It takes organizational skills and discipline to work independently. My son got up every day between 6:30 and 7:30. Rather than getting up at 5:30 a.m. and waiting in all kinds of inclement weather to travel by bus, he slept. There were no “snow days”, “teacher conference days, “half days” “late opening and early dismissal days”, class disruptions, bullying issues, negative peer pressure to contend with, and NO DISTRACTIONS AND INTERRUPTIONS. Instead, he plugged away from 8 a.m. to 5 p.m. with low volume classical music playing in the background. After 5, he did community service, some exercise, or pursued writing interests. Yes, he worked on Saturdays if he was behind schedule. Our vacations were planned when WE wanted to go — not when a school dictates a vacation schedule to us.
    As a result of Kolbe’s program, my son received a four-year scholarship to college. He started college this month (July, 2012) and reported to me that he has no problem doing the required work. At times, he is the only one engaged in dialogue with the professor. After hearing my son’s discussion in class, one student (8 years older than my son) asked my son for help him with homework prior to coming to class (my son arrives 2 hours early and reviews and reads ahead). Upon receiving an impromptu tutoring session from my son, the student remarked to the professor in front of the class how smart my son is.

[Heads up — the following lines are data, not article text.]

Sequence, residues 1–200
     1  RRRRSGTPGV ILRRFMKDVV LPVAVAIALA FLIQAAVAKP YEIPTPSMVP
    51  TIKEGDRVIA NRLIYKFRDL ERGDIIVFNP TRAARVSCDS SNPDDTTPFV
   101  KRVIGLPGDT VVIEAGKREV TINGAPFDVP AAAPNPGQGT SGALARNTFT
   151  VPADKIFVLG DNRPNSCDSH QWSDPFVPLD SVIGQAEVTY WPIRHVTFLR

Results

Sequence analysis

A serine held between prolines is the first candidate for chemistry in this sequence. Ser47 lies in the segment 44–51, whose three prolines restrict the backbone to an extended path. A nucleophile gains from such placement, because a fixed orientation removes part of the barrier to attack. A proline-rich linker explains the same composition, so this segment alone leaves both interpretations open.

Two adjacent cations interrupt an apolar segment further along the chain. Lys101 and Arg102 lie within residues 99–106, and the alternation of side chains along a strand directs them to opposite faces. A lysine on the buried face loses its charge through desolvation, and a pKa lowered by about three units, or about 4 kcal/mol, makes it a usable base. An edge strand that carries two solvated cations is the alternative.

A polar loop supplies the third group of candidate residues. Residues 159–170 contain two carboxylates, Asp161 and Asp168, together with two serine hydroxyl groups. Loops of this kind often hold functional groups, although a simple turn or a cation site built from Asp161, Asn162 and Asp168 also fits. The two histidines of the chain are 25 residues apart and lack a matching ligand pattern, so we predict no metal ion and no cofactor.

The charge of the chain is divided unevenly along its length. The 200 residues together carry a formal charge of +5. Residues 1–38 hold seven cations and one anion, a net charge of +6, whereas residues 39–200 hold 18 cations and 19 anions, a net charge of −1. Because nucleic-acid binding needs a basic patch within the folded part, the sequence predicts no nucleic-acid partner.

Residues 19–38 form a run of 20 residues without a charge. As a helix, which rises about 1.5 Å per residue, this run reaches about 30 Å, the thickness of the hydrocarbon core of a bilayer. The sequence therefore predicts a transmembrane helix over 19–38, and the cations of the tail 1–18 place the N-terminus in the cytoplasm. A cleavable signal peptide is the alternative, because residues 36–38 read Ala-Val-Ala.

Kolbe’s work is challenging but it is not “busy work” that one gets in a typical high school setting. The beauty of Kolbe’s curriculum is its flexibility and options for parents. The program offers a summa, magna and standard diploma so that there is something for every type of student. Obviously, the summa program is the most challenging but the workload is less in the other two options. The essays require you to analyze, think critically, and write clearly. In a nutshell, Kolbe Academy is a wonderful program that fosters independent and critical thinking, speaking and writing — very important skills, not just for college but for life. I highly recommend it to parents.
    Betty J. Lovastik
    proud parent of a Kolbe Academy summa cum laude graduate